United States

Market update March 2024: Shift in hottest rental markets

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Cleveland, Ohio skyline

Affordability, lifestyle preferences, and the evolving hybrid job market are redirecting rental demand. Tenants are looking away from the bustling Southern metros that thrived during the pandemic and towards smaller neighboring cities – or migrating to the Midwest.

  • After seven months of incremental decline, the national median list price increased from $409,500 in January to $415,500 in February, according to Realtor.com
  • The site also reports a 15% increase in newly listed homes – from 295,178 in January to 339,370 in February. Realtor.com highlights this as the start of a seasonal upturn, but even more noteworthy is the surge in affordable housing inventory (priced between $200,000 and $350,000). Supply climbed 20.6% compared to last February, offering homebuyers more options heading into spring. However, overall inventory remains limited compared to previous years.
  • Zumper continues to report flat or negative monthly changes in the national median rent – one-bedrooms fell 0.9% to $1,482, while two-bedrooms dropped by 0.5% to $1,837.
  • During the pandemic, the Sun Belt – especially Texas – went through a housing boom. Now, as more apartments come online in the region, prices are cooling off, with Austin and Dallas both dropping around 10% annually. This trend is further fueled by renters and buyers seeking affordability just outside major cities – more on that in our full article.
The dip in demand in these areas could also suppress rent increases for existing tenants. “Property owners are even more incentivized to retain tenants, since units may sit empty for longer in current conditions,” said Zumper CEO Anthemos Georgiades. “[A renter] staying in place will likely mean a minimal rent increase this year, if any.”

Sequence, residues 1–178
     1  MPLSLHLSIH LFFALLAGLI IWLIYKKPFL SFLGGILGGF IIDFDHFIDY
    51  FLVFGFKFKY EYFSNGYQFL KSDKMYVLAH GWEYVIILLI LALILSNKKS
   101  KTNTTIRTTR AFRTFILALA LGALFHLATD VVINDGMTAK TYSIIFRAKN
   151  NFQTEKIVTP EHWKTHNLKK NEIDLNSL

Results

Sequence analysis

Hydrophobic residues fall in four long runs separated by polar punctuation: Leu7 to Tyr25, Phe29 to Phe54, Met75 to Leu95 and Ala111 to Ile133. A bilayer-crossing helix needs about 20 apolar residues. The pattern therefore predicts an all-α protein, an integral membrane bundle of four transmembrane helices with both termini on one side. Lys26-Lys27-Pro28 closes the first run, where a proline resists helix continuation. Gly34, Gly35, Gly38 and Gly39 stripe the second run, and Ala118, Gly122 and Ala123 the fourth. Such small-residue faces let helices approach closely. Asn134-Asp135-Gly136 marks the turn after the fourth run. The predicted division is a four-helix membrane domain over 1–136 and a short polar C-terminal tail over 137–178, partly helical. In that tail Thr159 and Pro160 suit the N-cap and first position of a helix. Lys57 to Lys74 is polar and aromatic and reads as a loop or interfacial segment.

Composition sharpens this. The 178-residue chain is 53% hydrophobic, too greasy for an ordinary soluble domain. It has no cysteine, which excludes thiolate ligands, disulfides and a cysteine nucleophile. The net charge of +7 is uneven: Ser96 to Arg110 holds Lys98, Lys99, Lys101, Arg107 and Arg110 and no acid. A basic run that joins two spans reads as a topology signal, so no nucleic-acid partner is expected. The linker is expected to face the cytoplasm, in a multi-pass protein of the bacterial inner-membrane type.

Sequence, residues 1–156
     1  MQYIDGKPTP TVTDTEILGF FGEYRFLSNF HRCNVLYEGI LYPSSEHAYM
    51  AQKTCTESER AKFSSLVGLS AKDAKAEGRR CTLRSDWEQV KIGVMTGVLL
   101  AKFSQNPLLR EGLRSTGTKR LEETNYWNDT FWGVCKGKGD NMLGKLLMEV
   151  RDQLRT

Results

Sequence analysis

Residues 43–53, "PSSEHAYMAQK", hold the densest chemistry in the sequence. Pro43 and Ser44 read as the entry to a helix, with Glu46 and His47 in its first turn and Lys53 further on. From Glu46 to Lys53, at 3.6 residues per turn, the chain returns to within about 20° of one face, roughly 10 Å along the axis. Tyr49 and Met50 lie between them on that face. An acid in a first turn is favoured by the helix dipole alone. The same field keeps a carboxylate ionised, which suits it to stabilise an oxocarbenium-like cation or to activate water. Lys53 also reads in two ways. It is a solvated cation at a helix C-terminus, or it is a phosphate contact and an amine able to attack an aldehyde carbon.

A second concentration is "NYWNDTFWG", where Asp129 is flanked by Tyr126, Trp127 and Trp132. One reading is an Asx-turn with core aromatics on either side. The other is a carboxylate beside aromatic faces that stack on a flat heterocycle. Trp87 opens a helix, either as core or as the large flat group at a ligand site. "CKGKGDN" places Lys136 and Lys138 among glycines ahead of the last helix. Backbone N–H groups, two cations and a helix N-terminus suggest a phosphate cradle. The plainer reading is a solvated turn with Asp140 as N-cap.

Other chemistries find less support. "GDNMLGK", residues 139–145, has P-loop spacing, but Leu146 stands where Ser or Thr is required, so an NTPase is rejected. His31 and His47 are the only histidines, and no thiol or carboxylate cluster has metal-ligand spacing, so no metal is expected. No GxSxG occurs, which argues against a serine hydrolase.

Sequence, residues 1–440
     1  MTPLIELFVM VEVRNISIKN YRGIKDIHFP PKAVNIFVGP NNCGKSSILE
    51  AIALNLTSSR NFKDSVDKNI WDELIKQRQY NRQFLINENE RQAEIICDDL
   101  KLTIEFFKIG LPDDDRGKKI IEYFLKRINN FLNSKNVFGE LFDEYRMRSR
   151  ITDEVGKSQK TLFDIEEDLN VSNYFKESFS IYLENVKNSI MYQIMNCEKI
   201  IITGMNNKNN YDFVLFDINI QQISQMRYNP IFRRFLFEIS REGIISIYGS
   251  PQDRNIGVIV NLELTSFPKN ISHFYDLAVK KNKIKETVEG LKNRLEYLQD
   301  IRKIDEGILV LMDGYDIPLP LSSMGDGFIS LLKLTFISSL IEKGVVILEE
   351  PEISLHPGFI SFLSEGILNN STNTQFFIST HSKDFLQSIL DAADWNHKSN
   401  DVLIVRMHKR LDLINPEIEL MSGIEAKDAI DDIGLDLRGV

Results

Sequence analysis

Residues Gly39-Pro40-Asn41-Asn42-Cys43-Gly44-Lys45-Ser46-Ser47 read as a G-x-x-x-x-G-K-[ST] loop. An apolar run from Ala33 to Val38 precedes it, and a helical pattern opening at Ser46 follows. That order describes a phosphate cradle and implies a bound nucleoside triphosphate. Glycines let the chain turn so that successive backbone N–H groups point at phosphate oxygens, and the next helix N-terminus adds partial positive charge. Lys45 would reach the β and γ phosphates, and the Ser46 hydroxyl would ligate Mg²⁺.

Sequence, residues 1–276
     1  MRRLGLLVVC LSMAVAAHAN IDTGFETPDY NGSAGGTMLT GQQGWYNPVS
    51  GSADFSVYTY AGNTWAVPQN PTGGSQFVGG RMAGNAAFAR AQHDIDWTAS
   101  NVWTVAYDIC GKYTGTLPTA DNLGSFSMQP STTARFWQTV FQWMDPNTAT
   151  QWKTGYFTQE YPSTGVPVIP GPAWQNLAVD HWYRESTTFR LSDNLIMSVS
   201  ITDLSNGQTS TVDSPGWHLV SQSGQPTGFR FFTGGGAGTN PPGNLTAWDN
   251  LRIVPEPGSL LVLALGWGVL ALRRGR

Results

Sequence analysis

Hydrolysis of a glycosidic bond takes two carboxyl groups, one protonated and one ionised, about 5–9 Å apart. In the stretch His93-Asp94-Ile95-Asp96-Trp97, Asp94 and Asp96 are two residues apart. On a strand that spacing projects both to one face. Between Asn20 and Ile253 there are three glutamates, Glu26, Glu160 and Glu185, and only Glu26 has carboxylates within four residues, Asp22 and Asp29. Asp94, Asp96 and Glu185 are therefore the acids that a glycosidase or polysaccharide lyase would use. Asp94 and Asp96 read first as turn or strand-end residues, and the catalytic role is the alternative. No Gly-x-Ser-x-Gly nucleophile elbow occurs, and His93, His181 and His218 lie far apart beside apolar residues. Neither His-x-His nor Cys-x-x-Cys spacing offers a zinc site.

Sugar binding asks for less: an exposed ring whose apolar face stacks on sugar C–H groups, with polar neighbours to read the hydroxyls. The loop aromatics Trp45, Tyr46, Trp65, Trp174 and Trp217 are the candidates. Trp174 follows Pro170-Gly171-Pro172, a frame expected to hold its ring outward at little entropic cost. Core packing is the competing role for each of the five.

• 59 of Zumper’s top 100 cities saw a drop in rental prices from the previous month, while 12 reported no change. Strong rent growth in some undersupplied Midwest markets and the abovementioned peripheral cities is counteracting the large declines seen in the Sun Belt.
  • “With the Federal Reserve expected to announce future rate cuts in the second half of 2024, lower financing costs will draw many prospective buyers into the market,” said NAHB Chief Economist Robert Dietz.
  • Single‐family housing starts in February reached 1,129,000 – 11.6% above the revised January figure of 1,012,000 and the highest level since April 2022.

More rental market headlines

Residential brokerage stocks dive after NAR settlement – The Real Deal

The Midwest trails Miami on the hottest rental markets list – Multifamily Executive

Millennials flock to single-family rentals – Forbes

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